The conclusion of a study from the university coincided with the addition of a powerful new anti-viral treatment to the Pharmaceutical Benefits Scheme (PBS).
The study estimated that up to 33,000 people accessed subsidised treatment in 2016, exceeding targets set by the Australian National Hepatitis C Strategy.
And it said this figure represented one of the most rapid uptakes of treatment worldwide.
Hepatitis C is a blood-borne disease that attacks the liver.
If left untreated it can lead to cancer, organ failure and death.
Helen Tyrrell from Hepatitis Australia agreed that government efforts have put the country in a position to be rid of the virus by 2026.
“We really think that Australia could be the first country in the world to actually eliminate hepatitis as a public health issue,” she told SBS
“Treatment now is really easy. It’s 90 to 95 per cent cure rate with very short treatment duration and much fewer side effects than in previous years.”
“I would really encourage anyone with #hepatitisC to come forward and just talk to their doctor about the new hepatitis C therapies” pic.twitter苏州美甲培训学校按摩论坛,/6y389zNCwX
— MSD Australia (@MSD_Aus) February 21, 2017
Ms Tyrrell said the biggest challenge was to ensure anyone potentially infected with hepatitis C was diagnosed and treated, including those living in regional and remote Indigenous communities.
Sydneysider Emmanuel Kostoglou was diagnosed with hepatitis C in 1990.
He was 22-years-old at the time and using drugs.
Despite turning his life around, he felt the stigma of the disease followed him for decades.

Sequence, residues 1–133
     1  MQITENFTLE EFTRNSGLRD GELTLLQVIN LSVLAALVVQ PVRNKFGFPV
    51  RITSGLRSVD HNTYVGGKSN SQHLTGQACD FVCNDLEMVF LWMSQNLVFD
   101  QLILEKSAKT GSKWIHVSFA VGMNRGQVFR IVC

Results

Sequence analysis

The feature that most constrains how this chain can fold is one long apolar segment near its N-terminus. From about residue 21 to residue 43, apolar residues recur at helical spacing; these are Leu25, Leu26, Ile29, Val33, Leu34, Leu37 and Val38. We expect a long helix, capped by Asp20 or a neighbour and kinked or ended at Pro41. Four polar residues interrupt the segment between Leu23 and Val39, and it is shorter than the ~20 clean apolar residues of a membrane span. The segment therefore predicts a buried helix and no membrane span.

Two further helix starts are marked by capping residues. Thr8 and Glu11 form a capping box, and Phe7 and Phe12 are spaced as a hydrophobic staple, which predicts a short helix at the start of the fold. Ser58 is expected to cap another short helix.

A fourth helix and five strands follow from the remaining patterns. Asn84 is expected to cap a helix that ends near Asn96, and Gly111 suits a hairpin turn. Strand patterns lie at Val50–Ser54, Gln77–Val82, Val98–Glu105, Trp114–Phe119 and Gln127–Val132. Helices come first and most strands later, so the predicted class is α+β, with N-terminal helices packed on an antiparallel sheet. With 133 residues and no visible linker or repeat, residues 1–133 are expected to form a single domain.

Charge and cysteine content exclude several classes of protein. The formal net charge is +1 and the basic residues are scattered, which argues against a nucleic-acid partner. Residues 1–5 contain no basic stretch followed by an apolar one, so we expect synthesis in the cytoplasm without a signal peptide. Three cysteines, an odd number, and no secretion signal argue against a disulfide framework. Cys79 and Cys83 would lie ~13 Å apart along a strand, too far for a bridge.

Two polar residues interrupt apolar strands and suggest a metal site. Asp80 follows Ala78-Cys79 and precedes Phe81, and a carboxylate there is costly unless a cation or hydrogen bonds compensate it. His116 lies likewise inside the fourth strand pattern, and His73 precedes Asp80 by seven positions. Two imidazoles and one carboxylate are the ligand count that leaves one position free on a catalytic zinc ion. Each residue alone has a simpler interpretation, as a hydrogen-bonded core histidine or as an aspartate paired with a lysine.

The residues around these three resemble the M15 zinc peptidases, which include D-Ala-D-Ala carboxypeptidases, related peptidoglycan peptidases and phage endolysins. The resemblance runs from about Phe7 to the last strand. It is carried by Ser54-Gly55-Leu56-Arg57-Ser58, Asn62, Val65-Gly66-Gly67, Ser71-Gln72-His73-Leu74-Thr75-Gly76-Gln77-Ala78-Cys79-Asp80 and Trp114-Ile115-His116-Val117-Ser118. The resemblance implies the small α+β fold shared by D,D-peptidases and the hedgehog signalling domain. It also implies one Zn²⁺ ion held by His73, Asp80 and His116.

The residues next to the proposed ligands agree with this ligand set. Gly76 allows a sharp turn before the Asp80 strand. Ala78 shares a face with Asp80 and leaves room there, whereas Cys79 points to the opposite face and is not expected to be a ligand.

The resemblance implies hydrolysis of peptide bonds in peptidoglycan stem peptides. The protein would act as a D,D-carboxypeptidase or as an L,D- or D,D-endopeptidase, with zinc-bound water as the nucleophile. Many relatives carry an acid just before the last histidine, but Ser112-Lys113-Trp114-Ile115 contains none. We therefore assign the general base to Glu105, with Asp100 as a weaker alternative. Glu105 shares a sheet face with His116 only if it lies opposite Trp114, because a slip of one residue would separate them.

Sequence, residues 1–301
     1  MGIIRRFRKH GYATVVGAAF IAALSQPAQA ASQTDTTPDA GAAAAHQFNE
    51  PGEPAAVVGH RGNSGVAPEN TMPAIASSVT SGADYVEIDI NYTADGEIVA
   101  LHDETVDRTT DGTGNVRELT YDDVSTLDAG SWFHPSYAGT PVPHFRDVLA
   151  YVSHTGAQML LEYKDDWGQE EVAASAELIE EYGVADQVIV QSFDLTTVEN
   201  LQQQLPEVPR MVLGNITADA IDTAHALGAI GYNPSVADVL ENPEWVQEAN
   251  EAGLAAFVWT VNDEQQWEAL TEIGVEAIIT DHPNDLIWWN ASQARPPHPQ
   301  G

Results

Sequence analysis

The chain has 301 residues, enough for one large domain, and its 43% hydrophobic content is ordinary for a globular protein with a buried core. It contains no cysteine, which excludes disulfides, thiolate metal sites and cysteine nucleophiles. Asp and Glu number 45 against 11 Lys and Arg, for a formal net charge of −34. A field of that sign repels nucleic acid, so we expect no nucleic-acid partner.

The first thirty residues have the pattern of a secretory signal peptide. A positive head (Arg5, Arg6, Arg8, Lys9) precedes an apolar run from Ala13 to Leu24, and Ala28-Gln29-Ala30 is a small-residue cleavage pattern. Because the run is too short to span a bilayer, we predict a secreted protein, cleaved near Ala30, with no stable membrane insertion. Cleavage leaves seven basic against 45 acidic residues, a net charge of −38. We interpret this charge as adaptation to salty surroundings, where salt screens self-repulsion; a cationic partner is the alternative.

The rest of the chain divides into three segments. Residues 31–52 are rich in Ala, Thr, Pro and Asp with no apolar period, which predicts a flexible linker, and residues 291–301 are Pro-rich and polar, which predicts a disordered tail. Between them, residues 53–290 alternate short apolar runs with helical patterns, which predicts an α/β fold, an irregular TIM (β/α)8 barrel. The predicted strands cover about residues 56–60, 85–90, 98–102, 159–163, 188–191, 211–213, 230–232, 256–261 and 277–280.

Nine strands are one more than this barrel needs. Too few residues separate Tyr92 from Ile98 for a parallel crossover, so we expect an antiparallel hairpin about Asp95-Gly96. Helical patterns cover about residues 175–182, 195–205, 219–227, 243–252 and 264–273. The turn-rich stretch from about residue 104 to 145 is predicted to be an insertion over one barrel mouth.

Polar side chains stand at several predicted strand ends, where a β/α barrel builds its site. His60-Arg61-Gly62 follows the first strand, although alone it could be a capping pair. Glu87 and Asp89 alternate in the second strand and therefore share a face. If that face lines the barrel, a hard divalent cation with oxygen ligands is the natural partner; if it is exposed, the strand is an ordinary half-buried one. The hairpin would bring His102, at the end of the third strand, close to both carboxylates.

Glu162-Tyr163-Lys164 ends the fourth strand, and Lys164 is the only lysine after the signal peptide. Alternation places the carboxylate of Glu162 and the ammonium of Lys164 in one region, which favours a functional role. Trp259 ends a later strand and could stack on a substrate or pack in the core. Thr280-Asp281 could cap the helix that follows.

“People treat you like a leper basically, like they could catch it, even just by touching you or something, so I did notice people would keep their distance sometimes,” he said.
Mr Kostoglou was cured of hepatitis C last year, after being treated in a clinical trial of the direct-acting anti-viral medicine, Zepatier.
“It’s a big relief really not have to worry about that as I get older,” he said.
“I can continue on living a normal life now.”
Zepatier is available under the Pharmaceutical Benefits Scheme – the federal government subsidy substantially lowering the cost for patients.
Professor Gregory Dore is the head of the Kirby Institute’s Viral Hepatitis Clinical Research Program.
He said the addition of Zepatier to the PBS meant the treatment was more widely available.
“That means instead of only targeting these therapies to people with more advanced liver disease, they’re able to provide access across the disease spectrum,” he said.
“We have no restrictions based on ongoing drug or alcohol use, which is often the case in many settings.”